Karnataka High Court in Qnet case
In a landmark judgment that will change the way Direct Selling and Multi-level marketing companies are perceived, the Karnataka High Court has quashed all allegations made against QNet’s Malaysia based executive. Pronouncing the judgement in a case filed against Naresh Balasubramaniam the honourable High Court has made some very strong and relevant observations that are likely to clear the air around the business model of QNet that has been going through harried times, thanks to completely misconstrued facts about its business model.
Naresh Balasubramaniam a resident of Kuala Lumpur hadapproached the High Court for a case against him by the Cyber Crime Police(Economic Offences Division) on a complaint filed by one Ms Pragya a residentof Electronic City.
Pronouncing the judgment the Honourable HC clearly statedthat there is no case where any over act in inducing the complainant fromparting with any money or influencing her in doing so was observed. Onlybecause Subramaniam was the Managing Consultant of Q-Net India did not in anyway provide grounds for his name to be included in the charge sheet said theorder.
“It is not shown that the petitioner is associated with thelatter. This circumstance alone would render the proceedings initiated againstthe petitioner had in law” read the order. Another significant factor that wentin favour of Subramaniam is that he is a resident of Malaysia in the Chargesheet, “that is yet another factor that would dilute the case against thepetitioner.” the order read.
What is more interesting are the observations that the HChas made on the overall allegations against Q-Net and its sub-franchiseeVihaan. Q–Net, is said to be engaged in multi-level marketing or directmarketing. According to the HC “the police appear to proceed on the basis thatthe activities of a multi-level marketing company is illegal and arbitrary.There is a suspicion created about the business in some circles while there areothers who vouch for it as a sound business model. The doubts and strong wordsemployed by the Bombay High court in denigrating the business itself, is a casein point.”
The HC has very clearly stated in no uncertain terms that“it is evident that ‘Direct Selling’ has emerged as a global industry. A reportprepared by the Federation of Indian Chambers of Commerce and Industrydiscloses that direct and multi-level marketing in India is estimated to be tothe tune of several hundred crores of rupees. And that it has emerged as anindependent industry.”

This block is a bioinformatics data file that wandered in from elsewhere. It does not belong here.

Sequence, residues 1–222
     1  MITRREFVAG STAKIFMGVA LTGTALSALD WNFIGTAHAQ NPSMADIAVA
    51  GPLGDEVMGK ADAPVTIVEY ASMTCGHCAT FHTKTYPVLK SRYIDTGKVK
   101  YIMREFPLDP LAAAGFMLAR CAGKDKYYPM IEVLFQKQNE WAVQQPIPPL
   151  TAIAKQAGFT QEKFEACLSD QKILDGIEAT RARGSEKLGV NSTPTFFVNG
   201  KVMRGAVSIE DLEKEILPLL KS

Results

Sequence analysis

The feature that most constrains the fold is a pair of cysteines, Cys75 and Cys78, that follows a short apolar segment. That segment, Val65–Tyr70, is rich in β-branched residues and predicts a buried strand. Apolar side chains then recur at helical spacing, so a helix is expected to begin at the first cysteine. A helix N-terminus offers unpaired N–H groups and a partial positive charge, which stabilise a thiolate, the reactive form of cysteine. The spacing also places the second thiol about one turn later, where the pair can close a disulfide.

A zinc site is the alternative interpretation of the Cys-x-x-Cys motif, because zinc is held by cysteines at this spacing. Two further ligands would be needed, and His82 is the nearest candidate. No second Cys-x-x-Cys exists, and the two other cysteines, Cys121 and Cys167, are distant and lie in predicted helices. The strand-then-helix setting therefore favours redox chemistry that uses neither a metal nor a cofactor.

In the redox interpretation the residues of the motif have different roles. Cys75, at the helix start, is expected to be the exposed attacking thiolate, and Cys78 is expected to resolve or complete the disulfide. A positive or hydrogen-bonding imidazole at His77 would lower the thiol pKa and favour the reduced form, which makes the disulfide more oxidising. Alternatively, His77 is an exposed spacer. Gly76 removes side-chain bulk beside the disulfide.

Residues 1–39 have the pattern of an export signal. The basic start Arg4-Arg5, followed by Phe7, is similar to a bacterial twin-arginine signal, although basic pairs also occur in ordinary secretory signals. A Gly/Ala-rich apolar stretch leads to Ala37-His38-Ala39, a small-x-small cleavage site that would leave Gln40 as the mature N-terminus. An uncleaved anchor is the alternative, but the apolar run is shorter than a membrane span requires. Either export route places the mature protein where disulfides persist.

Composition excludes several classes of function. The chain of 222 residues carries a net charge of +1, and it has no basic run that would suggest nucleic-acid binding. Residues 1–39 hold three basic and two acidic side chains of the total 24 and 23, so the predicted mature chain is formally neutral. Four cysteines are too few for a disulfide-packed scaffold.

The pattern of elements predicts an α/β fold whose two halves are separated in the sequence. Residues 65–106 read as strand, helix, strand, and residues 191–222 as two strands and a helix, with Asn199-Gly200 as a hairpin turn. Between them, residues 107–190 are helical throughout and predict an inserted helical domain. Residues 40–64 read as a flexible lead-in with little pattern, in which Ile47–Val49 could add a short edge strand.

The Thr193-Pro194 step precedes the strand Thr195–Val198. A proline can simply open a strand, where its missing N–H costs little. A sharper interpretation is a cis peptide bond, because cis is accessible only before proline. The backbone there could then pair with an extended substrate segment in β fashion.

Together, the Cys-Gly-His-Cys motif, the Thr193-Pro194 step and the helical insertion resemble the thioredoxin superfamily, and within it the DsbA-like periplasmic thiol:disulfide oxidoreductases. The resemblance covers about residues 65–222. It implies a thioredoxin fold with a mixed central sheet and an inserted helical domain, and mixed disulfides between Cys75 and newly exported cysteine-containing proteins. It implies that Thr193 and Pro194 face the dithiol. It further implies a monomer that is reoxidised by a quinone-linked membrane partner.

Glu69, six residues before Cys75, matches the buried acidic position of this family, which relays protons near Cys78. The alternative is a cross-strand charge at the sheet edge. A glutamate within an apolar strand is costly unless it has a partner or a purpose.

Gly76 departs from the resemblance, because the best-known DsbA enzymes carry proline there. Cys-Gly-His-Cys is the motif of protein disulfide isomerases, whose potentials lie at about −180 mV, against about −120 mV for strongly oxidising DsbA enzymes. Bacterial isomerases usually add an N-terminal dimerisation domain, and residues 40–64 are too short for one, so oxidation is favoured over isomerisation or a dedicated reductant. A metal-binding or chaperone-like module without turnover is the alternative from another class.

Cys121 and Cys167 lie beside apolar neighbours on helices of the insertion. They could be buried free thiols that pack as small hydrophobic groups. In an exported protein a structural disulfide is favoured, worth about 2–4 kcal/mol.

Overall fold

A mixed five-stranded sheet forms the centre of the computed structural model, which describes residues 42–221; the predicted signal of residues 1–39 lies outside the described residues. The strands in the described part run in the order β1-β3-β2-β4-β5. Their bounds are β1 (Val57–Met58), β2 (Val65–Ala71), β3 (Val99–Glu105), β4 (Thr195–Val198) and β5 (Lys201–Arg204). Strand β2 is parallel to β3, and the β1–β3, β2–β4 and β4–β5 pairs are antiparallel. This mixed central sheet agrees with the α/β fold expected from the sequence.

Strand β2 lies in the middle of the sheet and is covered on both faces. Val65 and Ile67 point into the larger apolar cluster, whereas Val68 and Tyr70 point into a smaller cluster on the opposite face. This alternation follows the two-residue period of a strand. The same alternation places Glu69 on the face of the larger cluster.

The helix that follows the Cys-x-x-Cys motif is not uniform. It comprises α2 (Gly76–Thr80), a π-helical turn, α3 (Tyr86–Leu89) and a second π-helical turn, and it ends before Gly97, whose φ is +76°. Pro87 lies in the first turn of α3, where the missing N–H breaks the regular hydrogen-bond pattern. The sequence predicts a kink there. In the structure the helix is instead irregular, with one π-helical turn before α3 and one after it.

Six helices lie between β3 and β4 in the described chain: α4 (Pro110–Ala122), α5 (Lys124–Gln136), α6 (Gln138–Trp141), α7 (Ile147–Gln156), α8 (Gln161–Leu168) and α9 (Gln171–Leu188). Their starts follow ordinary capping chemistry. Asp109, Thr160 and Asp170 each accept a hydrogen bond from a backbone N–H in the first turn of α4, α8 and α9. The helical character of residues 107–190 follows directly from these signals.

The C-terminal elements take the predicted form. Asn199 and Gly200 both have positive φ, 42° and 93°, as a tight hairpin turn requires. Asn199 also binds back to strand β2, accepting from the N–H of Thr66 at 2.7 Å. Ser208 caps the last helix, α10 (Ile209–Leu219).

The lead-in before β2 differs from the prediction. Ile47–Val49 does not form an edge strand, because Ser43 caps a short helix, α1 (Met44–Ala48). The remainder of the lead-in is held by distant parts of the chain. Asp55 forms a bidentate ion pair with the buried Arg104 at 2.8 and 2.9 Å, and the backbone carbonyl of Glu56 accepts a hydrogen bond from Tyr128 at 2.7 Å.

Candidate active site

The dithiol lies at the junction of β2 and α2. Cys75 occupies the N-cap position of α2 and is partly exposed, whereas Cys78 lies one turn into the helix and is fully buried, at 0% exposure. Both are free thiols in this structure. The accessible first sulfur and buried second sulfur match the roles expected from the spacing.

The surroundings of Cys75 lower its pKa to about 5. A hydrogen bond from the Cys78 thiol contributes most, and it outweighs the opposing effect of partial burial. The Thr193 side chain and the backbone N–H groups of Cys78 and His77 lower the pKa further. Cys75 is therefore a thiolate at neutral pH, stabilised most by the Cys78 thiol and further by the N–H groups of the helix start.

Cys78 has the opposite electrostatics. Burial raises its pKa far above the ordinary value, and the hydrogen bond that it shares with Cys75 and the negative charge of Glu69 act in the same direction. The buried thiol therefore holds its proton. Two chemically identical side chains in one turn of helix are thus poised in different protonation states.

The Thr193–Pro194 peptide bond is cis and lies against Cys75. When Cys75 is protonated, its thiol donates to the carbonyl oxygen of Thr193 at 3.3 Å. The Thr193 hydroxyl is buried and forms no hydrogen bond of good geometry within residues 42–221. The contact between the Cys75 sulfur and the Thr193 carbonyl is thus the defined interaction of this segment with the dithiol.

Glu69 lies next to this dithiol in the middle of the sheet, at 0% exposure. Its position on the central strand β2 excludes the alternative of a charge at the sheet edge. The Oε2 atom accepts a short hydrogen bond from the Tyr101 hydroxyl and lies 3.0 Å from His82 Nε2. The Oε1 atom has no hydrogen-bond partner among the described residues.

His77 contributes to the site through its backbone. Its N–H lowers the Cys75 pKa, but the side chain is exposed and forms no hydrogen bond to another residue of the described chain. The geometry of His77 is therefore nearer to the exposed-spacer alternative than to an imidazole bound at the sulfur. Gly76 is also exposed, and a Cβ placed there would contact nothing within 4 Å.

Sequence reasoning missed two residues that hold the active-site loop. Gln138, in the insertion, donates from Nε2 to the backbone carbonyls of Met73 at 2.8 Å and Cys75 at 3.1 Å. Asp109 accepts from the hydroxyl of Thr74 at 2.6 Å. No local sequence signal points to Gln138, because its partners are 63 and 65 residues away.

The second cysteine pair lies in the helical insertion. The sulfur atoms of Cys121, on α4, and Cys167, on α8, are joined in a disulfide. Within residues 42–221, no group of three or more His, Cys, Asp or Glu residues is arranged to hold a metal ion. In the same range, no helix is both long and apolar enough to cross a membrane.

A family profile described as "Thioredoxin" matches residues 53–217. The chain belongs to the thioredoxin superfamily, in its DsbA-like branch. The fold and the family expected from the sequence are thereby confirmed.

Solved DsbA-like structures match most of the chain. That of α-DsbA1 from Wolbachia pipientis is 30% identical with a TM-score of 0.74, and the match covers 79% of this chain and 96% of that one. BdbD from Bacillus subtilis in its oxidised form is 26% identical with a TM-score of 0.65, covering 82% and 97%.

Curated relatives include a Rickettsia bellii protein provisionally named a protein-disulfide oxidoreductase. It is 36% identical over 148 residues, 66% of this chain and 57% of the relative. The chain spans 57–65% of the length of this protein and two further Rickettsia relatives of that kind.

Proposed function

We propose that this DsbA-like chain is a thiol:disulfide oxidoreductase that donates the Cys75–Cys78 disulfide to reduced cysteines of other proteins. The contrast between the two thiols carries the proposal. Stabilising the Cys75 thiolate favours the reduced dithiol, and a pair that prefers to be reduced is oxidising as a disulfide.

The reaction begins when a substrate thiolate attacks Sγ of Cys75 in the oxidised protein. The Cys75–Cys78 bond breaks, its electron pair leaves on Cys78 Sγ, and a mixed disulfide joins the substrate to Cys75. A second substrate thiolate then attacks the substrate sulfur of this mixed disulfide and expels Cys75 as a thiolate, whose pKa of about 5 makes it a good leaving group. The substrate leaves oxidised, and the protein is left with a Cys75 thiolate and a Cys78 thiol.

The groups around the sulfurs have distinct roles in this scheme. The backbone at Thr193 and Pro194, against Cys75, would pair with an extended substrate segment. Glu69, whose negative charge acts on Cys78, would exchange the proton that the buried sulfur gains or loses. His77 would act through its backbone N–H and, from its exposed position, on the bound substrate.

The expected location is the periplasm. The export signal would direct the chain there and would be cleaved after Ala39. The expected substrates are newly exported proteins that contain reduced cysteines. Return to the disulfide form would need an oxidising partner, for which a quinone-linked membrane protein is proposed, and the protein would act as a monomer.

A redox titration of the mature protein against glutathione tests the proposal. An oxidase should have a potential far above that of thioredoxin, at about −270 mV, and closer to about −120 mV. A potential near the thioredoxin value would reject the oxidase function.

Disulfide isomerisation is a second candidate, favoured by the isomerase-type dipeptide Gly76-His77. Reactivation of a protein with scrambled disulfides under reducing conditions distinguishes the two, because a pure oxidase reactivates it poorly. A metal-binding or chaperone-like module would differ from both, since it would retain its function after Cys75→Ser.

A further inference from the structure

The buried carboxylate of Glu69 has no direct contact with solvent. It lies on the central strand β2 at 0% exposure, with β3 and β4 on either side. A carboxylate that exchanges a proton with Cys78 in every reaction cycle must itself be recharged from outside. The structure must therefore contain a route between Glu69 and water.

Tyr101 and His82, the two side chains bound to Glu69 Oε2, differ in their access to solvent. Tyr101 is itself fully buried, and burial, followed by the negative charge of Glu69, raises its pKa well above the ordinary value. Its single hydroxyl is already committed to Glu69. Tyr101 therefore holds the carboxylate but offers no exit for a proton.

The FICCI report as quoted by the Honourable HC also statesthat direct selling and multi-level marketing are forms of economic activitythat could play a very important role ina country like India, as it envisages low transactional cost mechanisms for sale of consumer products without theneed for large marketing infrastructure. This is a very important observationas it helps clear the pollution spread by unwanted and probably self-interestedelements around the business model of direct selling companies.
The HC has held that business models of multi-levelmarketing companies where the benefit is a result of sale of goods or servicesfor subscribers, is not illegal.
As per the HC “Activities of QNet and Vihan i.e., themultilevel marketing companies, do not constitute offences under the PrizeChits and Money Circulation Schemes (Banning) Act, 1978.” According to thejudgement, the activities of the company do not fall within the definition of‘Money Circulations Scheme’ under Section 2(c) of the act, nor does it fallwithin the definition of ‘Prize chit’ under Section 2(e) of the Act.
Concluding on the applicability of the Act, the HC observedthat “when the activities of these companies do not constitute either MoneyCirculation Scheme or Prize Chit, the offences under Sections 4 and 5 of theAct, do not even remotely apply to such activities and consequently chargingthe accused for such offences is unsustainable.”
Quoting the FICCI report the HC has observed that “absenceof a clear legislation and regulatory framework for multilevel marketingcompanies, have led to severe problems for such companies operating in thecountry. Legislation such as the Prize Chits and Money Circulation Schemes(Banning) Act, 1978, which do not even remotely apply to the activities of multilevelmarketing companies, are applied by the investigating authorities leading todisastrous results.”
There is no way that criminal prosecution can be initiatedunder the provisions of the IPC and the best possible course of action would beto initiate proceedings under the Consumer Protection Act, 1886 in cases whichhave been filed against Q-Net or its stakeholders.
Cases registered in the Q-Net case are typically those wherecriminal legislation which are not even remotely applicable to the circumstancesof the case have been invoked to substantiate the charges. “The dispute, if atall, is between a consumer and a direct seller and ought to be adjudicatedunder the provisions of the Consumer Protection Act, 1986.” says the HC.
All this puts to rest the misconceptions spread around thedirect selling business models of companies like Q-Net and will go a long wayin clearing a path of sustainable growth for the sector and all thoseassociated with it.